James Anderson on
town and country
Image: Painter William Wylde’s
Manchester, from Kersal Moor (1852)
A couple days ago I somehow found myself reading Adam Anderson, Dugald Stewart, Arthur Young, and James Anderson, all lesser economists of the Scottish Enlightenment. This was part of my background reading on the antithesis between town and country.
Last week I posted some classical bourgeois views on the issue. While James Steuart and the French Physiocrats idealized the countryside somewhat, assigning it priority over the emerging commercial and industrial centers of modern Europe, Smith stressed a kind of harmonious reciprocity or equilibrium between the two. Smith stood virtually alone in advocating for the city. His successors in fact opposed his position.
I’m reposting a section of James Anderson’s 1794 article “Of Manufacturing and Agriculture” here to give a sense of the deep conservatism of antibourgeois, anti-liberal aristocrats after Smith. Not until Ricardo and Sismondi were the main lines of Smith’s argument extended in any measurable way. Even then, Ricardo was never as keen on the novelty of capitalist conurbations, and Sismondi succumbed at times to romanticism in favoring “territorial wealth” (agriculture, the countryside) over “commercial wealth” (industry, the town).
The radicalism of Smith’s economic theory comes through especially sharply when contrasted with tracts like this.
Of manufacturing and agriculture
Manufactures are subjected to great variations in the demand at market. Sometimes the orders for those of one sort are so great, that the highest exertions are required for supplying that demand. During this period every thing assumes the most inviting appearance. The master manufacturers have it in their power to enhance the price or diminish the quality. Their profits are great. Every one is anxious to obtain as great a share as possible in this gainful business; he tries to obtain as many hands as possible; journeymen, of course, become scarce, and obtain higher wages; this induces more persons to enter into that business. All is life and bustle; and smiling prosperity brightens every countenance. The lower classes of the people are enabled to pick and cull the nicest viands; for rearing which the farmer gets great prices, so as to enable him to abandon more common articles of produce. But in a short time a change of fashion, such a trifle as a shoestring being adopted in place of a buckle, or a clasp instead of a button, makes a total stagnation of this once flourishing business. The master manufacturers, finding no more demand for their goods, cannot keep their journeymen longer; and, as these in general work by piecework, it costs him but a word to discharge one or two hundred persons; who are thus thrown at once out of employment, and consequently experience the greatest distress, till they can find some other means of subsistence. The luxuries which the farmer used to rear for their use are now allowed to remain upon hand. He, depending on these sales, is reduced also to distress; and complaints are loud and universal. No such changes can ever be experienced by men who follow agriculture. Neither the encouragement, nor the discouragement, are nearly so great. So that this political malady, which is one of the severest that can affect a state, is never experienced.
Other evils that are the consequences of it, are equally guarded against. Men in the lower ranks of life, when they are enabled to earn more wage than is necessary to subsist themselves in the way they have been accustomed to live, usually become idle and dissipated; they spend their superfluous earnings in drunkenness and debauchery. One person seduces another; their morals become corrupted, and their manners irregular. Persons of this description are, of all others, the worst to manage in a state. While they enjoy the sunshine of prosperity, they are disorderly; when they experience difficulties, they become riotous and factious. Ever ready to run into extremes, they become the willing tool of every desperate man who wishes: to raise disturbances in the state…Such persons are, of all others, the most unfit to bear those checks and reverses of fortune to which manufacturers must ever be subjected. Hence it happens, that manufacturing towns become such fertile nurseries of mobs, tumults, thefts, robberies, and every species of depredation. These dissipated persons become a charge on the parish, or they go to the highway or the gallows.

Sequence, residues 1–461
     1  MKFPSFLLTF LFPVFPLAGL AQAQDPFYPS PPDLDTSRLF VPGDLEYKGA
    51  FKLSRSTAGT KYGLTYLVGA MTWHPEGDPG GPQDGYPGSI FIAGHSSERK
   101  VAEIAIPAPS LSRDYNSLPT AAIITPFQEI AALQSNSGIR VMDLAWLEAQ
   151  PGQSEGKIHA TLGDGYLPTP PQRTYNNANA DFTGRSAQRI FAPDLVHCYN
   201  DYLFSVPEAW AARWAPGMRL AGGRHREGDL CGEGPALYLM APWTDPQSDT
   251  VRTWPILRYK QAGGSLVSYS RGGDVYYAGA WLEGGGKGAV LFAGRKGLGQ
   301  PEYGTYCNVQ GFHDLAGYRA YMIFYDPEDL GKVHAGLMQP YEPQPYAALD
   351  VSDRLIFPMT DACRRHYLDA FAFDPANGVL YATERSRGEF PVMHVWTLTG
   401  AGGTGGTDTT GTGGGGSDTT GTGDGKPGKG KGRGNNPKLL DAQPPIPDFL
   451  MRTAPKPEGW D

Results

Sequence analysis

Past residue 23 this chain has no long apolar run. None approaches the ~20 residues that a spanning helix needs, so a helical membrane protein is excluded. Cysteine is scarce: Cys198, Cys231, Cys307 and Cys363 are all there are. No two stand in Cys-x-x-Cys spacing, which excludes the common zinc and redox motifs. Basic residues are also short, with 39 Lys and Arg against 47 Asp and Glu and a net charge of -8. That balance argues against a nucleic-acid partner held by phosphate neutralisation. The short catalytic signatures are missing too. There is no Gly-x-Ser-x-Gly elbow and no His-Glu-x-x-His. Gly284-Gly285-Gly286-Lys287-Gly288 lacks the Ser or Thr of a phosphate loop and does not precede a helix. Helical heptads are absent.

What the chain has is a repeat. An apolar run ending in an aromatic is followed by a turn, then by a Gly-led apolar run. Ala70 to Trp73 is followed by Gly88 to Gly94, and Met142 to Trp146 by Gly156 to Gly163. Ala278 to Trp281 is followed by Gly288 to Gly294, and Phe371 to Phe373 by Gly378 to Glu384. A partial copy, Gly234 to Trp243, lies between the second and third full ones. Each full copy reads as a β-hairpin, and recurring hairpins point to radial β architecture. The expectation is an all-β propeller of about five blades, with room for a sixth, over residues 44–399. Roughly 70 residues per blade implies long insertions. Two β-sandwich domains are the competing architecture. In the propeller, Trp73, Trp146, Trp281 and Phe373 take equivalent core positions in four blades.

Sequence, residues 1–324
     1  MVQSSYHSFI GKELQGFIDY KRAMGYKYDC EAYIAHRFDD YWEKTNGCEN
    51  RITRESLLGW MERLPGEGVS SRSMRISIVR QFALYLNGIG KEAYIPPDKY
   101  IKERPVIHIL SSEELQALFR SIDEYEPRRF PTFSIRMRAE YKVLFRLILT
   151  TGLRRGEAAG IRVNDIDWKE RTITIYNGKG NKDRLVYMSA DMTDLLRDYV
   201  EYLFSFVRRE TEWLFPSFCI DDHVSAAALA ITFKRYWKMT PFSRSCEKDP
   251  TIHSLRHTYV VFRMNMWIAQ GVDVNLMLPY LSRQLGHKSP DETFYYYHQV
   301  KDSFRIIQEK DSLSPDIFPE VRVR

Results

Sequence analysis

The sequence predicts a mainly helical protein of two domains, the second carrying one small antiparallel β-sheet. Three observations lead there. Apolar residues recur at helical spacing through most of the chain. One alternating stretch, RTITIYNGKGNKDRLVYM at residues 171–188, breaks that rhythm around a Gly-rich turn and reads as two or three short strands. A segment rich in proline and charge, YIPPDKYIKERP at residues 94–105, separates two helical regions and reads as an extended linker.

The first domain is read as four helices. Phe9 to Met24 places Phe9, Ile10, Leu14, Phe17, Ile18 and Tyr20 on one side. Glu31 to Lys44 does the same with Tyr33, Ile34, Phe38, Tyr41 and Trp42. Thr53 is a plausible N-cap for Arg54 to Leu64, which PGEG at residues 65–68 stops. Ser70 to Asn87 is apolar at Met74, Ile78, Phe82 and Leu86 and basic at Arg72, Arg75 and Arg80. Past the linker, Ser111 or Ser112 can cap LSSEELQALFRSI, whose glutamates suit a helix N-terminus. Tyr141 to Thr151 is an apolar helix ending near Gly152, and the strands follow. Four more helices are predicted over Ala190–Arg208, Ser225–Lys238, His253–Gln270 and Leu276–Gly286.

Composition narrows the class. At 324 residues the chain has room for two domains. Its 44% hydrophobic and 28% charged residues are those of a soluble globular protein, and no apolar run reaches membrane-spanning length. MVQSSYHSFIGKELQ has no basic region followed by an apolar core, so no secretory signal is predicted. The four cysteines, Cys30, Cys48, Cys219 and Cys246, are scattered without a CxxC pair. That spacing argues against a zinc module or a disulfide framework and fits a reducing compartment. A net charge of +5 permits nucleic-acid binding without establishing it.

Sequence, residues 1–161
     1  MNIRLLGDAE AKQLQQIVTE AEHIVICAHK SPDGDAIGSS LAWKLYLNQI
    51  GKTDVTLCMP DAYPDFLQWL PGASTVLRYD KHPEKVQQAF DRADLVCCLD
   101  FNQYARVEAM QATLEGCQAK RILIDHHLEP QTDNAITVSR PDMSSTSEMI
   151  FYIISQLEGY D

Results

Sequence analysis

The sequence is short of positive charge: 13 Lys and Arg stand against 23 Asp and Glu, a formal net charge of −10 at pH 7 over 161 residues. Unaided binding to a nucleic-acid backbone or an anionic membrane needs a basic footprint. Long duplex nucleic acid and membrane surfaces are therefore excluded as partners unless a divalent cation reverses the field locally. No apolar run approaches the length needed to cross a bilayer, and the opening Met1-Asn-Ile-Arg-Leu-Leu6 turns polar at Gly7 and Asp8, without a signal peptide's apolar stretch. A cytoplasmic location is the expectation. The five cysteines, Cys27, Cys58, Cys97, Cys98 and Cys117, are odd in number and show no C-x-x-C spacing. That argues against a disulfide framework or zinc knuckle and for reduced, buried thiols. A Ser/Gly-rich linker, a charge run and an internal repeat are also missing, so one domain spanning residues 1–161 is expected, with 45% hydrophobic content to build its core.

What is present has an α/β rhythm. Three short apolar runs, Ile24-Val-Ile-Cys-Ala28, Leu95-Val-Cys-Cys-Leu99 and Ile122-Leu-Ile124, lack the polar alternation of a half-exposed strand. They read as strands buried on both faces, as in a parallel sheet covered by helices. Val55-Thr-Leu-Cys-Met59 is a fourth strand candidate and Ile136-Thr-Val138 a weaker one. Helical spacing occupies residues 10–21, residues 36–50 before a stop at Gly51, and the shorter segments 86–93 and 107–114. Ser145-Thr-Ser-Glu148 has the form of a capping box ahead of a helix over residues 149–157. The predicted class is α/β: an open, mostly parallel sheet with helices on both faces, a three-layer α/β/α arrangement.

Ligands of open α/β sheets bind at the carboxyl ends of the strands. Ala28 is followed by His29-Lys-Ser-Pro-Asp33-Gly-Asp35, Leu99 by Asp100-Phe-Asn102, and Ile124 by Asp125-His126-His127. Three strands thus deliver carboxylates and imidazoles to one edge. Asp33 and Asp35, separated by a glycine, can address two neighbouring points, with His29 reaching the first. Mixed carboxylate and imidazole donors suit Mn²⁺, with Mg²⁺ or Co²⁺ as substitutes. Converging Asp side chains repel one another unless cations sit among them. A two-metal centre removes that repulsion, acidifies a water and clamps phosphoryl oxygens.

Such excesses are never experienced in rural situations is, where men follow the peaceable employment of agriculture. Their labour is constant and equal; they are never overdone, and never idle; their sustenance is equally certain, uniform, and moderate; they do not associate together in such numbers, and are, by consequence, less liable to be seduced by the contagion of bad example. Being actively employed in the fields during the whole week, Sunday becomes a day of rest; and divine service is to them a pleasing exercise. Every mind that is not corrupted by vicious habits is fond of being informed. On this principle they become interested in the duties of religion, and attentive to the discourse of their pastors. In short, it is scarcely possible for a person who has not had access to, behold it nearly, to form an idea of the immense difference that there is between the innocent simplicity of heart of the inhabitants the country, compared with the irreligion and immorality of the lower classes of people in towns. I hence conclude, that a state which contains a given number of people, chiefly employed in agriculture, affords to the natives a greater share of domestic happiness and infinitely more stable, less subject to distress, arising from tumults and disorders of every sort, than one where manufactures furnish the chief employment of the people.